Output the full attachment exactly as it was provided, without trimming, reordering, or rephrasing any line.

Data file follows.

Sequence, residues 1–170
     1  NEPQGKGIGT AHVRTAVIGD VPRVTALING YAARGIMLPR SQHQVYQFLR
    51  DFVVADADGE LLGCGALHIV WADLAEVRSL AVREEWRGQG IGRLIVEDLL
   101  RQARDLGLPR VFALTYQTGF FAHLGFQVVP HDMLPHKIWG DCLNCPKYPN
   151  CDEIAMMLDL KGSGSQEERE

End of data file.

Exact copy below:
Sequence, residues 1–170
     1  NEPQGKGIGT AHVRTAVIGD VPRVTALING YAARGIMLPR SQHQVYQFLR
    51  DFVVADADGE LLGCGALHIV WADLAEVRSL AVREEWRGQG IGRLIVEDLL
   101  RQARDLGLPR VFALTYQTGF FAHLGFQVVP HDMLPHKIWG DCLNCPKYPN
   151  CDEIAMMLDL KGSGSQEERE